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6 of 7 people found the following review helpful
5.0 out of 5 stars You can almost smell the wet, grass stained uniform.
Having grown up and played football in Western Pennsylvania, every bit of "All The Right Moves" brings back emotions, thoughts, memories and even smells. Even if you are not from Pittsburgh, you can appriciate the frustration this film captures of just wanting a better way of life. I hope any body viewing this film, at least can appreciate what the backbone...
Published on January 14, 2000 by Scott Altimus

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18 of 21 people found the following review helpful
3.0 out of 5 stars "All I have to do is maintain my fantastic 2.0 grade-point average and everything is cool."
Because "Risky Business" gets all the attention for being Tom Cruise's breakout film, Michael Chapman's "All the Right Moves" has often been unfairly overlooked or just outright forgotten. That is a shame because Cruise's "other" coming-of-age film is a highly entertaining effort that deserves to be mentioned in the same breath as his more high profile projects...
Published on September 30, 2003 by Steven Y.


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18 of 21 people found the following review helpful
3.0 out of 5 stars "All I have to do is maintain my fantastic 2.0 grade-point average and everything is cool.", September 30, 2003
This review is from: All the Right Moves (DVD)
Because "Risky Business" gets all the attention for being Tom Cruise's breakout film, Michael Chapman's "All the Right Moves" has often been unfairly overlooked or just outright forgotten. That is a shame because Cruise's "other" coming-of-age film is a highly entertaining effort that deserves to be mentioned in the same breath as his more high profile projects.

Cruise plays Stefan Djordjevic, a high school football player who dreams of being awarded a college scholarship in order to escape a future in the steel mills. However, Stefan's short temper often gets the best of him and his relationship with his high school coach (Craig T. Nelson) becomes strained after he participates in an incident that leaves the coach's house vandalized. With the help of his high school sweetheart, Lisa (Lea Thompson), Stefan starts to get his act together and ultimately gets his life back on track.

"All the Right Moves" proves that Tom Cruise had tremendous screen presence from the very beginning. His scenes with Nelson and Thompson provide dazzling hints of greater things still to come. Nelson, who may be better known for his comedic side, turns in an especially strong supporting performance as the coach who is both Stefan's tormentor and supporter at the same time. The story of the small-town kid dreaming to escape his surroundings for better things has been told so many times on television and film in so many different ways that it would be easy to dismiss "All the Right Moves" as just another tired re-telling. However, a familiar story is still engaging if told well and this film is proof of that.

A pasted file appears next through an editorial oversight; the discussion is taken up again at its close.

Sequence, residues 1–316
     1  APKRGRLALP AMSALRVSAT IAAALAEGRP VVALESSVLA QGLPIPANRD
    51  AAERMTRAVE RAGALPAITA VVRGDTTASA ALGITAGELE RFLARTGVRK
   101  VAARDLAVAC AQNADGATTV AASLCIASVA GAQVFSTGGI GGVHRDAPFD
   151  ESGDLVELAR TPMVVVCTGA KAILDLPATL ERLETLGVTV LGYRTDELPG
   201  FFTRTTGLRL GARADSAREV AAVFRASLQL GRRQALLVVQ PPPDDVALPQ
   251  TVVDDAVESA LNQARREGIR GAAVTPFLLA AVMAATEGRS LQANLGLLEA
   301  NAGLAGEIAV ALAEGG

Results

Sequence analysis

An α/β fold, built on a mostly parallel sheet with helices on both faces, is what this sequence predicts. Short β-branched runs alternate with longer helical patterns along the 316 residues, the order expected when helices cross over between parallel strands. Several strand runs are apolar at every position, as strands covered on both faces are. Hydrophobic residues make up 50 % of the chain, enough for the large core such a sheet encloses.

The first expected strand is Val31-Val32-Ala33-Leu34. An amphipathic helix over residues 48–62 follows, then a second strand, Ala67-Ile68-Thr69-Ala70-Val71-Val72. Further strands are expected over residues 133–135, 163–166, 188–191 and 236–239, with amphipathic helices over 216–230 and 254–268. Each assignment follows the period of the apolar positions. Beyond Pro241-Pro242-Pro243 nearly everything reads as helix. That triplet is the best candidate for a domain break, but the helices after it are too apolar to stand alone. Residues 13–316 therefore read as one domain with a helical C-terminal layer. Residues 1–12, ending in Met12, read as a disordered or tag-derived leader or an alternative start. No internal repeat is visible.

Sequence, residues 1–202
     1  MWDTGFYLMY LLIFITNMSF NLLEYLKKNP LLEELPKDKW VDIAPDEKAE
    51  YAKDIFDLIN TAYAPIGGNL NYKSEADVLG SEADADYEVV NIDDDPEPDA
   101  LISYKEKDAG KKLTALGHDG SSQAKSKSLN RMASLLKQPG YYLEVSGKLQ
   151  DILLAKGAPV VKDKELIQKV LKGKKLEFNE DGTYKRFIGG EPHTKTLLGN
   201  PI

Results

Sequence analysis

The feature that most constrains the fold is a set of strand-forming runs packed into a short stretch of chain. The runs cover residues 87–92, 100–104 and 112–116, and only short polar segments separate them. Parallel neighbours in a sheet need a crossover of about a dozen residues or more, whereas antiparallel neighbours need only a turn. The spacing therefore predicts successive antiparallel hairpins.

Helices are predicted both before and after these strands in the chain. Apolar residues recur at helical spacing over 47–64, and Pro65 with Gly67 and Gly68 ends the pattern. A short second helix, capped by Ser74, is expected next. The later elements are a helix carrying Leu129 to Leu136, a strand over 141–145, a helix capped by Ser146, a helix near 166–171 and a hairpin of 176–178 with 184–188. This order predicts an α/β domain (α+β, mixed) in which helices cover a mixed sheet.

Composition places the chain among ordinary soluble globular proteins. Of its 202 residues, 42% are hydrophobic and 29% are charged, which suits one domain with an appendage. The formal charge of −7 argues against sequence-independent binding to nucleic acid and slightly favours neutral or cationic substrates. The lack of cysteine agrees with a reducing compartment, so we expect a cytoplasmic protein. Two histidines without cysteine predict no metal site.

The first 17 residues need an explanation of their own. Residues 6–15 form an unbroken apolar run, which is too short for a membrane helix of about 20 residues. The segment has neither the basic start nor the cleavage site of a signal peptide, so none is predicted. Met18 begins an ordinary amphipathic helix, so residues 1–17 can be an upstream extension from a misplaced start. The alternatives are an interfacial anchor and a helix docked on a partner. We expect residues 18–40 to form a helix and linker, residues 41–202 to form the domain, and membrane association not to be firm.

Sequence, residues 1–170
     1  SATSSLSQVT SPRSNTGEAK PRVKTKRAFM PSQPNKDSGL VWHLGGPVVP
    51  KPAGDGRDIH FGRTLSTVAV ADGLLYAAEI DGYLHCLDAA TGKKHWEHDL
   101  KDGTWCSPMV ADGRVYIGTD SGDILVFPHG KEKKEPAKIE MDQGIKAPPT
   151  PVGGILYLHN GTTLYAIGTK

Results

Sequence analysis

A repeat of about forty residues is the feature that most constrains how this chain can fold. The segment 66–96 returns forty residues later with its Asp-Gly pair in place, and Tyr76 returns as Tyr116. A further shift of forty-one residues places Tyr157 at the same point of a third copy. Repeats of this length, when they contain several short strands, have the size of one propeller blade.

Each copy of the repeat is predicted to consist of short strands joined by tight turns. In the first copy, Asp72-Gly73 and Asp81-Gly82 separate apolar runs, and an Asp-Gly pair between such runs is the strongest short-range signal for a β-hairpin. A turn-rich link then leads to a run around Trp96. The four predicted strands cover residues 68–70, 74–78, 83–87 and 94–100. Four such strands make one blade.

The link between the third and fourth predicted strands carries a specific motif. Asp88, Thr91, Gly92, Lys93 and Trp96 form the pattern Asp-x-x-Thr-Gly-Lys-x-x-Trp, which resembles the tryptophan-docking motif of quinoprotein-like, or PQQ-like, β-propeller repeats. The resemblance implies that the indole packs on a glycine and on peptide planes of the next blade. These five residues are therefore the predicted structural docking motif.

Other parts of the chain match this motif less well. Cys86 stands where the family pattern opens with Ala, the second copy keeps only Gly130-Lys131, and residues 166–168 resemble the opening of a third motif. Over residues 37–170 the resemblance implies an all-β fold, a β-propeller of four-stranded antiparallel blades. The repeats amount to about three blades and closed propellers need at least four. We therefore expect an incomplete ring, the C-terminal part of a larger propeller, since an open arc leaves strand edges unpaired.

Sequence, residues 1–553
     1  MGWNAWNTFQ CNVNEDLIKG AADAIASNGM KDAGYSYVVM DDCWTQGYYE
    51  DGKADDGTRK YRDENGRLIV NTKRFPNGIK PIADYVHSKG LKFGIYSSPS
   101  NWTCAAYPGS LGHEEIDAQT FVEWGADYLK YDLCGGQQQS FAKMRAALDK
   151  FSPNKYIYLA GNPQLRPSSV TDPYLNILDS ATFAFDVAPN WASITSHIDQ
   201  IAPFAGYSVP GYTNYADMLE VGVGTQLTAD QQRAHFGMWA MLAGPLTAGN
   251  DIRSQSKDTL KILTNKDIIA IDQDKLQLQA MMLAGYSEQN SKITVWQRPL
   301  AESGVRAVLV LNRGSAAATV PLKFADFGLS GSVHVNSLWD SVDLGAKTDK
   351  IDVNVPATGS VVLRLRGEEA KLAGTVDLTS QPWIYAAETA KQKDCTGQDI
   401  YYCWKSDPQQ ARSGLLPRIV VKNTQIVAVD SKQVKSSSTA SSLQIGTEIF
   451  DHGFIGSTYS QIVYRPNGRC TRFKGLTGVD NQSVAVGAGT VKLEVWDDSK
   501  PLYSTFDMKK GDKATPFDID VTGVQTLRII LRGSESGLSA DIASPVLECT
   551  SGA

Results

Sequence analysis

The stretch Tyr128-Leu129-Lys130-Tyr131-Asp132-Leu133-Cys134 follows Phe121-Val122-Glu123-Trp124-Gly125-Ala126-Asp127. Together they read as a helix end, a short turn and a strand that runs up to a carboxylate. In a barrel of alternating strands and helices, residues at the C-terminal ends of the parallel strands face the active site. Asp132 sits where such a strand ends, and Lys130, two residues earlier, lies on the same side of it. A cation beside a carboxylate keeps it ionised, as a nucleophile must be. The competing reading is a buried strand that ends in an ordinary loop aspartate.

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11 of 13 people found the following review helpful
3.0 out of 5 stars The best of the 4...., August 11, 2000
By 
casualsuede (San Diego, CA USA) - See all my reviews
Tom Cruise was a busy man in 1983. With the success of Taps 2 years earlier, he took a year off, then came out with 4 movies in the next year. They was Risky Business, The Outsiders, Losin It and All the Right Moves. My fav of all those was All the Right moves.
Cruise plays Stefan, a kid who plays for the Ampipe HS football team as a cornerback, in backwoods Pennsylvania. It is a one industry (steel) town and if the kids can't get away from there, they usually end up in the steelworks. Cruise doesn't want to work there. He has higher goals of being an Engineer. And football is the only way out, and a few schools have offered him a full scholarship.
His girlfriend is played by Lea Thompson, and she is a smart, insecure girl who is also talented in music, but trapped because schools don't give scholarships to music students who aren't brillant. There is always a hint of jealousy in her mannerisms as she watches the "dumb jocks" ride to the schools that she will never get into..and it is smartly portrayed near the end of the movie.
The "dumb jocks" here are the anti-stereotypes that are seen in movies today. They aren't slick, omnipotent acting jerks. Stefan and Brian (played well by Christopher Penn) are sensitive, uncertain and shy people. The other players become sidetracked as well, such as Salvucci who becomes a criminal, rather than a star or Shadow (played by Leon) who is so worried that he won't get in anywhere (but gets into Virginia Tech).
The core of the movie is the relationship between Coach (Craig T. Nelson) and Stefan. It is rocky in the beginning. Coach (who is also the typing teacher), is nervously waiting to see if he will be a defensive coach at CalTech, and is on a blaming streak against anyone messes up his chances. One person he blames is Stefan for losing the game to another school (it wasn't really his fault). It gets worse when (after kicking Stefan off the team), he catches him with a posse of local idiots vandalizing Coach's home.
In a derivative movie, Stefan would have blackmailed him, burned him into getting back on the team. Or he would ruined Coach's chances to being accepted at CalState. Coach would have become another one-dimensional badguy. But here, at the end, they resolve their differences like real people and work things out.
The only problem with the movie is that the genre has been copied so many times, by the time I saw it for the first time (7/2000), it seemed very derivative. Another spoiler for me is the ending, while upbeat, seemed a little too Hollywood. Rating: B-
Notes: There is full frontal nudity between the two leads! Also, the director of Photography was Jan deBont, who went on to better (Twister, Speed) and worse things (Speed 2, The Haunting).
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6 of 7 people found the following review helpful
5.0 out of 5 stars You can almost smell the wet, grass stained uniform., January 14, 2000
By 
Scott Altimus (Los Angeles, CA) - See all my reviews
Having grown up and played football in Western Pennsylvania, every bit of "All The Right Moves" brings back emotions, thoughts, memories and even smells. Even if you are not from Pittsburgh, you can appriciate the frustration this film captures of just wanting a better way of life. I hope any body viewing this film, at least can appreciate what the backbone of this country experiences. I never realized it until I moved to Los Angeles, the respect I have for my home town. I will very soon be moving my family back. Every time I see this movie I remember who I am and how proud I am of my heritage.